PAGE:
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Read’s retro-review of Kung Mangarap Ka't Magising.


Kakabakaba Ka Ba? (1980)


Arguably the most problematic of De Leon's works, Kakabakaba Ka Ba? stands out, in our correct sensibilities nowadays, for its rampant racist and sexist gags, one of them having a fat woman grunting like a pig during a scuffle. Yet one assumes that this prevalent defect in this movie doesn't hint at any prejudice on the director's part, but instead at the sensibilities then, which also allowed the jolly sexism of Danny Zialcita's films. What certainly must have emboldened ABS-CBN to restore Kakabakaba Ka Ba? is the freewheeling panache behind this faux-musical/slapstick/ satire/thriller. With its sheer virtuosity, the film won for De Leon a Best Director Urian. It's also remarkable how Christopher de Leon has transformed from the naiveté of his Joey character in KMKM, only three years prior, to the full confidence of his leading-man persona by this project. He also has a perfect pop number by Jim Paredes. Charo Santos returns from Itim, this time as a sexier muse, compared with the more introspective Hilda. After this excursion, De Leon would be back in top, disciplined form with his next three movies—the most essential in his filmography.

PHOTO: Batch '81: The Making of a Mike de Leon Film (Asian Film Archive, 2017)

Kisapmata (1981), Batch '81 (1982), and Sister Stella L (1984)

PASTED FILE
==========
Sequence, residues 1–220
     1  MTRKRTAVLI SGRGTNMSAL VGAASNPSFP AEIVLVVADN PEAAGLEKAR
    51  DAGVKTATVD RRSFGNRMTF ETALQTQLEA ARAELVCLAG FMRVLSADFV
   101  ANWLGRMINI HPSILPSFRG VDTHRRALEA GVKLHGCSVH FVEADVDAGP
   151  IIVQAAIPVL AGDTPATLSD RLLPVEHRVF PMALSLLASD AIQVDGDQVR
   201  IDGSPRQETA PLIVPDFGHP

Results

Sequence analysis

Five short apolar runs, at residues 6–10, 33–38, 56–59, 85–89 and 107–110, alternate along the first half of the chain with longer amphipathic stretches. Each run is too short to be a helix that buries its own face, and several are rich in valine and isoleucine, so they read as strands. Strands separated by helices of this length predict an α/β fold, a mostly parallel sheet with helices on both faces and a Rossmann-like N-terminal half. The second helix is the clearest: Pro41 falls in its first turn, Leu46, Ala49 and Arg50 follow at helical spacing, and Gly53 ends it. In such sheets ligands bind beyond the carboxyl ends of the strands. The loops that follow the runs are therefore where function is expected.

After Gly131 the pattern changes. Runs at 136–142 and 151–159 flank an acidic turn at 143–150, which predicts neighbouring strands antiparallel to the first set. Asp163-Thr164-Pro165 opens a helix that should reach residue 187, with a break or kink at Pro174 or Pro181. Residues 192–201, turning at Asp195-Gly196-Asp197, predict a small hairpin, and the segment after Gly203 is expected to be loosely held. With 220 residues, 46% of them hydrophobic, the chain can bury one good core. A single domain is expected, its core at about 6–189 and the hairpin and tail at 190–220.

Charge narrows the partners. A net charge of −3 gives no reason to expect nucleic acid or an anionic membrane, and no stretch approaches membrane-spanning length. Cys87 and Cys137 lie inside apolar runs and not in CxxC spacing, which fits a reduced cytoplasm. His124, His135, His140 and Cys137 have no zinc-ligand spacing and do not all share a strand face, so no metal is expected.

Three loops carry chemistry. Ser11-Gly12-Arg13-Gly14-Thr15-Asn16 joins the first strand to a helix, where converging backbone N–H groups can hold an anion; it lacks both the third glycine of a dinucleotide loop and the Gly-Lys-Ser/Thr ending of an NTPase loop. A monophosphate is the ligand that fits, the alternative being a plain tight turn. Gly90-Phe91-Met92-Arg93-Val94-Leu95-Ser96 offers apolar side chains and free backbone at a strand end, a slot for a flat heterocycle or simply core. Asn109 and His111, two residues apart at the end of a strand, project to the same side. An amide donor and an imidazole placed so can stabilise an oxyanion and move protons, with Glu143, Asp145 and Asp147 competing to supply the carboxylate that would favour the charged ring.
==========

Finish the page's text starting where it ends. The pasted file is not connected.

So far, only Batch '81 has been restored (by film lab L'immagine Ritrovata) among these movies which, in hindsight, may be seen as a political trilogy commenting on the Marcos dictatorship, with each succeeding film an escalation of theme from the preceding one. Kisapmata transforms Nick Joaquin's 1961 crime reportage, "The House on Zapote Street," into an allegory about a despotic father stifling his daughter in her new life as a married woman but still obliged to live in his home. De Leon would gear up this theme with Batch '81, made around that year when Marcos lifted Martial Law in letter but not in spirit. Writer Jerome Gomez has written a book on that film's making and reception, including Imee Marcos's support for the film despite its parallels between the fictional fraternity of the movie and her father's regime. By the time of Sister Stella L, which features Pete Lacaba's eloquent screenplay, De Leon went all the way with the agit-prop tempo of this organic trilogy, amid the background of a nation erupting too in protest, following the 1983 Aquino assassination. These films are also a showcase of excellent performances—especially by Vic Silayan as the tyrant-father in Kisapmata, and by Mark Gil and Vilma Santos in their respective iconic roles as the fanatic fratman Sid Lucero and the politicized Sister Stella.